Kidney Stones: Algorithm Predicts QoL From Patient’s Chart


A machine-learning algorithm can use demographic, symptomatic, and clinical data to accurately predict the health-related quality of life (QOL) of patients with kidney stones, new research shows.

“This can help us determine whether or not to do surgery on a patient when their kidney stone is not too painful,” said Naeem Bhojani, MD, from the University of Montreal, Canada.

The algorithm his team developed uses clinical data from a patient’s electronic health record to arrive at a score, eliminating the need for a questionnaire.

“If you ask urologists what is most important when it comes to kidney stone disease, they’ll say it’s the removal of the stone; we want the stone gone,” Bhojani told Medscape Medical News. “But that doesn’t necessarily equate with a better quality of life.”

Some patients are asymptomatic and can carry a stone without it bothering them. “Their quality of life is excellent, so why do surgery?” They can be followed with observation, he said.

However, a lot of variables are involved in an assessment of kidney stones. “It’s a very intricate measure,” Bhojani explained.

In fact, it was the “horrible quality-of-life scores” derived from standardized questionnaires completed by patients with kidney stones that led nutritionist Kristina Penniston, PhD, from the University of Wisconsin-Madison, and her team to develop a tool to capture the unique symptoms and challenges of urolithiasis.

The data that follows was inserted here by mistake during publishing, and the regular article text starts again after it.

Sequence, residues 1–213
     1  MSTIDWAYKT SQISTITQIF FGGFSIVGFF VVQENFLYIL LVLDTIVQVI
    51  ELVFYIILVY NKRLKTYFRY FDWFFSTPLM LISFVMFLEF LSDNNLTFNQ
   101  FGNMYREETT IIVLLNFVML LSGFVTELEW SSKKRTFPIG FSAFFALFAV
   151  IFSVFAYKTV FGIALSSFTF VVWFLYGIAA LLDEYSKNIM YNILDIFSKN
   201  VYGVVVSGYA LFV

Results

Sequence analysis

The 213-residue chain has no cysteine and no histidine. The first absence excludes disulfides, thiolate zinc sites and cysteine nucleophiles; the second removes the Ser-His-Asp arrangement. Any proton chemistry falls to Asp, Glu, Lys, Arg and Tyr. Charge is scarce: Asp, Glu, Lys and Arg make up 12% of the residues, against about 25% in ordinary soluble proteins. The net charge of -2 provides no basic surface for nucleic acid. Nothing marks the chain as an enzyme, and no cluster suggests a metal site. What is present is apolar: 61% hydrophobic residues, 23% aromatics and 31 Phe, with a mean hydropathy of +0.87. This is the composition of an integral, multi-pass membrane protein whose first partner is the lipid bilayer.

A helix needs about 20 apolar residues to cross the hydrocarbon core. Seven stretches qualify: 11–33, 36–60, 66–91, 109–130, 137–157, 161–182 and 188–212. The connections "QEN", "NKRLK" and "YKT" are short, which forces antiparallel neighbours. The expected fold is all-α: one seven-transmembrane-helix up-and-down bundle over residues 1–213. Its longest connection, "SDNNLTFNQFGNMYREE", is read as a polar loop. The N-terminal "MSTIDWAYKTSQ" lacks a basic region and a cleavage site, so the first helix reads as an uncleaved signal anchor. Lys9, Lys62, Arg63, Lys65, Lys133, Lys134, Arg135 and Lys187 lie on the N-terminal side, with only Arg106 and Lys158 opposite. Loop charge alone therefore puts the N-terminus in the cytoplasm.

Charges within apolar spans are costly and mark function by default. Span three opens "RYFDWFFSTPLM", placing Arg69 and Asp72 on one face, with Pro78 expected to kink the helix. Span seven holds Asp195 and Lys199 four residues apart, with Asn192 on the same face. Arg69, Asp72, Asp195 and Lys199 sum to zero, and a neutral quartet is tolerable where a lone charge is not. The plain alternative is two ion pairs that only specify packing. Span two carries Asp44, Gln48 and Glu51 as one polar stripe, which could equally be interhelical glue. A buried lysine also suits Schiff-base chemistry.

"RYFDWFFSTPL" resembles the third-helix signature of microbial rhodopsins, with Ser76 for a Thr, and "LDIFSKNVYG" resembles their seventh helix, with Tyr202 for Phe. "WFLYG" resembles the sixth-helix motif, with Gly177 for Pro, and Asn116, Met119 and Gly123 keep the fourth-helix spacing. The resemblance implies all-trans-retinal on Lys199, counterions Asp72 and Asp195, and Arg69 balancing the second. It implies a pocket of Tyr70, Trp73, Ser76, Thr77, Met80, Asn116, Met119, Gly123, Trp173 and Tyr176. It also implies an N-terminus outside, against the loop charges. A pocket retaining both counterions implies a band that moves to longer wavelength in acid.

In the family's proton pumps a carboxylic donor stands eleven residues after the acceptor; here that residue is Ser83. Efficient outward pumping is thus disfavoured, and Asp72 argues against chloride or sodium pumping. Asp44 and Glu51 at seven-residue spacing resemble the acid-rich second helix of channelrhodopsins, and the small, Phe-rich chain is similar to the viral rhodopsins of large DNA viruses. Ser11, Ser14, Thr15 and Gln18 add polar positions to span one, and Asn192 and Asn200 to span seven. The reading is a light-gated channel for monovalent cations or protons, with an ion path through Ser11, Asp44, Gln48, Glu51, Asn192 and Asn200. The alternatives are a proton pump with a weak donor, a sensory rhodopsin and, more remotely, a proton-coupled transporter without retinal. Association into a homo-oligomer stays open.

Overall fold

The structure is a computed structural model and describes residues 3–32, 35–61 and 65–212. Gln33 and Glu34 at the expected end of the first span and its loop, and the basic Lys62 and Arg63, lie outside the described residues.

“At the time, there were no disease-specific instruments to assess these patients,” she said. There are hundreds of quality-of-life tools for many different diseases, and a lot of them “are not as painful or destructive as kidney stones,” she explained. And about 10% of the population is affected by kidney stones, which is about the same proportion of the population affected by diabetes.

Today, the Wisconsin Stone Quality of Life Questionnaire (WISQOL) “is being widely used,” Penniston said. Researchers are gathering data, tracking changes in stressors and the presence or absence of stones, and documenting reactions and changes during disease progression.